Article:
Saturday, August 02, 2014

The End of Vladimir Putin

Could the war in Ukraine bring down the Kremlin?

July 31, 2014

When rebel crosshairs fixed on Malaysian Airlines flight MH17 30,000 feet above the sunflowers of Eastern Ukraine, they had no idea what they were about to blow up. No clue they were about to incinerate hundreds of Dutch holidaymakers. None whatsoever they were about to wreck a decade of the Kremlin’s finest diplomacy—years of cleverly preventing the Americans from building a united Western front by playing divide and rule amongst the Europeans.

The rebels blew up more than a plane. They blew up Russia’s winning position in Brussels against sanctions. Europeans like to think they play games with others, but the truth is that for years Russia has been pulling strings inside the European Union. The boys in Brussels like to boast about the EU. But they are ashamed to admit how far the Kremlin had gamed them: playing them off each other with energy, armaments and oligarchs.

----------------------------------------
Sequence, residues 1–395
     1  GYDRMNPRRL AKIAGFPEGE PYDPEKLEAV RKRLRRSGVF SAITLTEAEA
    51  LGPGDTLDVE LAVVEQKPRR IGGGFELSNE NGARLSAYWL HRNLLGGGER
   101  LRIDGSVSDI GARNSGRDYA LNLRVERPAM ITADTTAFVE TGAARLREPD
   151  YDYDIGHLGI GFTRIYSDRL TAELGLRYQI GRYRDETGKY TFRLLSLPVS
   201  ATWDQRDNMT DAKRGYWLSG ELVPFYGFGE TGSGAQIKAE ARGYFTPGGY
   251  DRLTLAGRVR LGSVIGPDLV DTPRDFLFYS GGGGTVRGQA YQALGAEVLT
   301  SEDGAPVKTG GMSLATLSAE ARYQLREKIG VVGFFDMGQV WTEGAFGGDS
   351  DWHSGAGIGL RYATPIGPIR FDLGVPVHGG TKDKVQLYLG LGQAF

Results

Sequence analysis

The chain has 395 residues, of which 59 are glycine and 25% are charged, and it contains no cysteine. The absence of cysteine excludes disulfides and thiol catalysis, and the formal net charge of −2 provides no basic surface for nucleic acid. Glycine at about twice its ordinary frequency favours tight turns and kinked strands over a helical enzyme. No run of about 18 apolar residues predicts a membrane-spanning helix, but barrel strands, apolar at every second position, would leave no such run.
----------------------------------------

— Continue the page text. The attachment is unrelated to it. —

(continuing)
None of the heavy hitters in Europe were willing to give these up big, juicy bribes for Ukraine. This is why serious sanctions have taken so long. Because for all the fighting talk from the Eurocrats, Russian money has run rings around its interests, its cash aiming to cripple any common foreign policy. Russia is Europe’s third-biggest trade partner. Moscow’s investments in the continent are enormous: Russia does over 40 percent of its trade with the European Union, supplying the bloc with roughly a quarter of its gas, while receiving more than $310 billion in loans from its banks.

(More here.)


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